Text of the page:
County warden position to remain one-year term
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Oct 10, 2012  |  Vote 0    0

County warden position to remain one-year term

Listowel Banner

Andrew Smith, Listowel Banner

Perth County council has voted to continue with the status quo after discussing the possibility of extending the term of warden to two years.

The report presented at the Oct. 4 meeting of council, prepared by county clerk Kerri Ann O’Rourke, examined the pros and cons of extending the term of county warden from one year to two.

The report also drew on comparisons between the county and lower tiers, which Coun. Julie Behrns disagreed with.

“The mayor is elected at large by their municipality, and the warden is elected by nine other people,” Behrns said. “I think there’s a huge difference in electing someone for a two-year term when it’s nine people doing it.”

O’Rourke responded the report was simply comparing the responsibilities of the warden and mayor, and that the enormity of the job is similar, regardless of how either is elected.

Coun. Vince Judge indicated his support to keep the one year term, as a longer term would limit the opportunities for other people around table to try their hand at the position.

Coun. Rhonda Ehgoetz agreed, noting most people on council are busy with other commitments.

“I think it limits the opportunities for people if you have a two year term,” she said. “We have a four year term at our lower tier, and I think that limits people from applying because they just don’t have the time."

Behrns, a warden for three terms, said she would have been wary of running for the position if the term had been two years. She added it’s difficult to know what the role will include.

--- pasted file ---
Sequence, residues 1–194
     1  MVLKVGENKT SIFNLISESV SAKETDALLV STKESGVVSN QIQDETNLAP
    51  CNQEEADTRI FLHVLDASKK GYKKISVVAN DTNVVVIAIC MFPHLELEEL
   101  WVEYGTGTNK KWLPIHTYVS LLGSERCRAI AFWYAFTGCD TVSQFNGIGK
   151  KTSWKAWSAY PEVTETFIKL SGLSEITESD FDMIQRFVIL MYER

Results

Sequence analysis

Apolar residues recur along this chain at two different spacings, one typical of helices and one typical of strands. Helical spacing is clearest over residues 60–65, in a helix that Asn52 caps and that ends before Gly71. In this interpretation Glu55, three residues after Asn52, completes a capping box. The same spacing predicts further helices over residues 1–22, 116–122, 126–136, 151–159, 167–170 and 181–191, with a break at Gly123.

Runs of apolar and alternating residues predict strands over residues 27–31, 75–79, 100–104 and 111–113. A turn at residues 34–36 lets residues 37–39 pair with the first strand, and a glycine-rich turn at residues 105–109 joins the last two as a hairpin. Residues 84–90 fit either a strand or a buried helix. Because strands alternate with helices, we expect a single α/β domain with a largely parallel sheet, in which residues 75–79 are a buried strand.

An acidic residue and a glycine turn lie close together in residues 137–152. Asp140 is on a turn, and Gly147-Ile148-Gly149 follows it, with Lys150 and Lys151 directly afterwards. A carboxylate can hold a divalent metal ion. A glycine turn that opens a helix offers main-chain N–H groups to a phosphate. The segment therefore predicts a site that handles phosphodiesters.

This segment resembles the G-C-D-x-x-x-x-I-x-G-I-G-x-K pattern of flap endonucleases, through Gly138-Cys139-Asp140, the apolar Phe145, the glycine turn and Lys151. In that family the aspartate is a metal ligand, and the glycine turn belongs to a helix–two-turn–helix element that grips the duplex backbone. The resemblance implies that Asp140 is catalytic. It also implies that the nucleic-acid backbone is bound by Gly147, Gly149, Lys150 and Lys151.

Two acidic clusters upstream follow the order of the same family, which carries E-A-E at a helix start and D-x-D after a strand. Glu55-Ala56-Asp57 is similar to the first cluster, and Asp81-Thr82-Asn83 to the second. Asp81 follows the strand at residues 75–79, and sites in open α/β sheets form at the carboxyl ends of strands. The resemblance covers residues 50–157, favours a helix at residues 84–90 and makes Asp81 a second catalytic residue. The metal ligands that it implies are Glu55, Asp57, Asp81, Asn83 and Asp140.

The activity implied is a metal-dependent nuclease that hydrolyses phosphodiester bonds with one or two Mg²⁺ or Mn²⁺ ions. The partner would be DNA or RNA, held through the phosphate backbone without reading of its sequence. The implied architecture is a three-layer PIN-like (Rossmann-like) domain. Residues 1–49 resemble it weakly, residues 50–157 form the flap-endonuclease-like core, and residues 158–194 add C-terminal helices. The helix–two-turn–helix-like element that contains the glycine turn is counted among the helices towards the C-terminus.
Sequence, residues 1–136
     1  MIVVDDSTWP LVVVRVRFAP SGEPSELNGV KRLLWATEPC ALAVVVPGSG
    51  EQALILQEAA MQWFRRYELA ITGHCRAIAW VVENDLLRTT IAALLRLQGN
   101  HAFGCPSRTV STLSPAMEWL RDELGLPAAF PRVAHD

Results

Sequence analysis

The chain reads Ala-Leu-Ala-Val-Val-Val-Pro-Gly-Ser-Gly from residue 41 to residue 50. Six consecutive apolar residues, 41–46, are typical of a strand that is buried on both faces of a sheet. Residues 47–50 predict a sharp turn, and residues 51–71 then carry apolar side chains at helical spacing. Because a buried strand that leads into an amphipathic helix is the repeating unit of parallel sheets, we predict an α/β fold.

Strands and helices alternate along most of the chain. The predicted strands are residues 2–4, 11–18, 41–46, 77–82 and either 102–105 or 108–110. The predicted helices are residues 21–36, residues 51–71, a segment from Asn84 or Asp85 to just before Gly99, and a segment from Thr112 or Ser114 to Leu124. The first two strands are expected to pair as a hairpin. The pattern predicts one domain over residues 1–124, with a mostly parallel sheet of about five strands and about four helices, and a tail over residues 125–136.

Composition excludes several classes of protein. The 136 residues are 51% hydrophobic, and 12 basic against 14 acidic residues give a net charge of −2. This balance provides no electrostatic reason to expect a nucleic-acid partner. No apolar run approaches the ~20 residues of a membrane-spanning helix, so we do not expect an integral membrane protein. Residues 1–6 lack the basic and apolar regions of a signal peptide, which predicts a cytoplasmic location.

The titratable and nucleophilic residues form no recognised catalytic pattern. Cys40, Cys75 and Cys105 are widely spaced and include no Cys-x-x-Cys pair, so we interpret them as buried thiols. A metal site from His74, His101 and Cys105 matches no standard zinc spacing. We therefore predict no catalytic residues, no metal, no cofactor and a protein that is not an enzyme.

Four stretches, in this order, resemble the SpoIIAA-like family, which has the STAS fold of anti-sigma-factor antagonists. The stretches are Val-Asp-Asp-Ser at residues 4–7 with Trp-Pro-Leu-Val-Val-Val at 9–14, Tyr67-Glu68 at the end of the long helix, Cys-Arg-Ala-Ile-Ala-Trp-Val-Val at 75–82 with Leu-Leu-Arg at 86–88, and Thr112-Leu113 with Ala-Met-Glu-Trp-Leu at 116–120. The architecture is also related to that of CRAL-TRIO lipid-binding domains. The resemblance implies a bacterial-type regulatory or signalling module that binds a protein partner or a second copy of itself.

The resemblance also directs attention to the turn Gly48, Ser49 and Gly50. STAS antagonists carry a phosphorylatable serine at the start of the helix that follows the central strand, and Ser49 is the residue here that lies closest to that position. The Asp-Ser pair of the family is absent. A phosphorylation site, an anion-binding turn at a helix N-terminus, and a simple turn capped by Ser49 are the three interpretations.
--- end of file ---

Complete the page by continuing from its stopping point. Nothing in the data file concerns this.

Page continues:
“You don’t know what it involves, you don’t know how much time it’s going to take. You might like it, and you might absolutely hate it,” she said.

Warden Ian Forrest said his duties at the county and his responsibilities in Perth East as the mayor add up, and the time commitment is certainly something to consider when looking at running for warden.

“I’d have no trouble booking it in as a full-time job,” Forrest said. “If I was still trying to run the farm, something would have to go.”

Forrest explained there are certain priorities established by council, and it’s important for the warden to promote those priorities.

He added there needs to be more done to promote the county priorities, perhaps even more than he himself has accomplished in the position.

“Many of them won’t get accomplished in the year that you’re there, but you need to be thinking of pushing those along,” he said. “Whoever follows behind needs to be prepared to pick those up.”

Council passed a motion to continue with the status quo for the warden’s term, and for staff to investigate methods of streamlining the warden election process when the warden is acclaimed.

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